That gives you a remote AGI, but not a fast one! (There may be some speed advantage, even without this, as you won’t fork the whole of Asterisk before exec’ing the script, but I’d really expect a self contained server to get a real advantage.)
To really get speed advantages you need to have a loop on accept() in the script itself. What the article describes put that loop in xinetd, so it will PHP will get launched for every new invocation.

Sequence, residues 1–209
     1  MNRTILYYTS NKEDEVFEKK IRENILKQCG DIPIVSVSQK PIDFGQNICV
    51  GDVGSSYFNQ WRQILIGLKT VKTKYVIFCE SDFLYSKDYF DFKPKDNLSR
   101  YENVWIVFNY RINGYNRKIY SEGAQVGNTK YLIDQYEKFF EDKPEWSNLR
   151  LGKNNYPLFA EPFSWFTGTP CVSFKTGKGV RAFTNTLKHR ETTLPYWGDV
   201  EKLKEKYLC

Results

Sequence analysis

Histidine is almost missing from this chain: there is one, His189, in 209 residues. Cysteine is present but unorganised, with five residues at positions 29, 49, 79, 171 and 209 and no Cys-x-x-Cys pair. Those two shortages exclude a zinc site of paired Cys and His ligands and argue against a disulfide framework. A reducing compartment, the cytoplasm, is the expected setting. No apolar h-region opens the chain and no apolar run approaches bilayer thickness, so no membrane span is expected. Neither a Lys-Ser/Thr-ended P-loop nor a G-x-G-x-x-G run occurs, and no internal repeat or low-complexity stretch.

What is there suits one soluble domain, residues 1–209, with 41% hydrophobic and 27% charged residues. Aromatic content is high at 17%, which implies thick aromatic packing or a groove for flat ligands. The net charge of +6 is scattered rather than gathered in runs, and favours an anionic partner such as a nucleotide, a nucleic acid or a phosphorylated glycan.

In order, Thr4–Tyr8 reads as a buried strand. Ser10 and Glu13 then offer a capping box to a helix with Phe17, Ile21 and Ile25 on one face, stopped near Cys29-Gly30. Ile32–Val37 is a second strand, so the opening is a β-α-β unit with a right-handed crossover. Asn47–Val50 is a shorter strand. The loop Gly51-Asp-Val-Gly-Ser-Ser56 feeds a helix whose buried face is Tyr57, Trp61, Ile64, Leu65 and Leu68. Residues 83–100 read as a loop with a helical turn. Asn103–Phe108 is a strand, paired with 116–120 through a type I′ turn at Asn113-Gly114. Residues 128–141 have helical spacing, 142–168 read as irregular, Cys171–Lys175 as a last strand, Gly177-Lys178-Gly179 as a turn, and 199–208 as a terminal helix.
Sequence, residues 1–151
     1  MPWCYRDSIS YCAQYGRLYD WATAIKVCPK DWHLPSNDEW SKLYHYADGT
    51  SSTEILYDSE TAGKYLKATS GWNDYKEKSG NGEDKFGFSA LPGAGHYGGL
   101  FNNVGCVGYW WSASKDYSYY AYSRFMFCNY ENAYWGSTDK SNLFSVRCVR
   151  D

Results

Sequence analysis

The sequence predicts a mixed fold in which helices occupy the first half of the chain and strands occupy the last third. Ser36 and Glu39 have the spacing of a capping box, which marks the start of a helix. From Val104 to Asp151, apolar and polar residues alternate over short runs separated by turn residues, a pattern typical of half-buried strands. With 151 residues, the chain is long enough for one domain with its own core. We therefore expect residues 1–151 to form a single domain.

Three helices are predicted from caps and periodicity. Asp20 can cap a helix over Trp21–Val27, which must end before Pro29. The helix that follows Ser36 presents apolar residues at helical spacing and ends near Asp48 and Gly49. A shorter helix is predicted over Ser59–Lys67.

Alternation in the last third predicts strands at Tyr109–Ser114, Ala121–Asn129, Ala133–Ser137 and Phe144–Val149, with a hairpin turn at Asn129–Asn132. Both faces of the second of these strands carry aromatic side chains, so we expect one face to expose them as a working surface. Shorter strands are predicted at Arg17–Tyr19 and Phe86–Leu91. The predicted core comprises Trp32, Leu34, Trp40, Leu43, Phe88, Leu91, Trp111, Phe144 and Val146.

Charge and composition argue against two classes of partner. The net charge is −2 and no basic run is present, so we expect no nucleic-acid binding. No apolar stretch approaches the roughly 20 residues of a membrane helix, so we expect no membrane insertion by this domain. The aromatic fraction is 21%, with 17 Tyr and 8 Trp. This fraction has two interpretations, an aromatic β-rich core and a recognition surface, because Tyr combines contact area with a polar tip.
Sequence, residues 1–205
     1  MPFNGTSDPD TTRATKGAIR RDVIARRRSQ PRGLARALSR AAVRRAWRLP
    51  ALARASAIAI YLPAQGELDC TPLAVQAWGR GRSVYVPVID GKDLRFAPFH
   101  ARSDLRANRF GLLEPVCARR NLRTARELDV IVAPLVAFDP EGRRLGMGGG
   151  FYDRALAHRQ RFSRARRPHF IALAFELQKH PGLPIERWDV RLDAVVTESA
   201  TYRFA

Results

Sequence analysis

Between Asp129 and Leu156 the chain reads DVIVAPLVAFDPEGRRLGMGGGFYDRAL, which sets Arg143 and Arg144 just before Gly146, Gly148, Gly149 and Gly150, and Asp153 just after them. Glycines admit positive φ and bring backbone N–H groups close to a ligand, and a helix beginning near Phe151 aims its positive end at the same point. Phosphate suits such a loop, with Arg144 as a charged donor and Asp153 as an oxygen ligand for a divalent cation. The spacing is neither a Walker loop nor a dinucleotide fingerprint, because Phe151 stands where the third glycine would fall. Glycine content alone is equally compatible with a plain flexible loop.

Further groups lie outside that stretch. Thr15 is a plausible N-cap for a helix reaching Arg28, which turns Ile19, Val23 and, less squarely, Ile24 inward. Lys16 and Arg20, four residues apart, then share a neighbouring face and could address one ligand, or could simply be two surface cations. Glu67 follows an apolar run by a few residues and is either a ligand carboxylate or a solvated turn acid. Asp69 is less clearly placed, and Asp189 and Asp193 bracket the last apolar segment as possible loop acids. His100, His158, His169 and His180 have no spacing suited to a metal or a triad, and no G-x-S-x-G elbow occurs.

Things that could go wrong in your case are:
- having the wrong value for server;
- using relative file names that assume a different current directory from that in which xinetd is running (you really shouldn’t use any relative names);
- assuming the presence or contents of environment variables which differ from those available to xinetd.
As it is running a root, you shouldn’t have permission problems, as long as the script is marked executable for someone.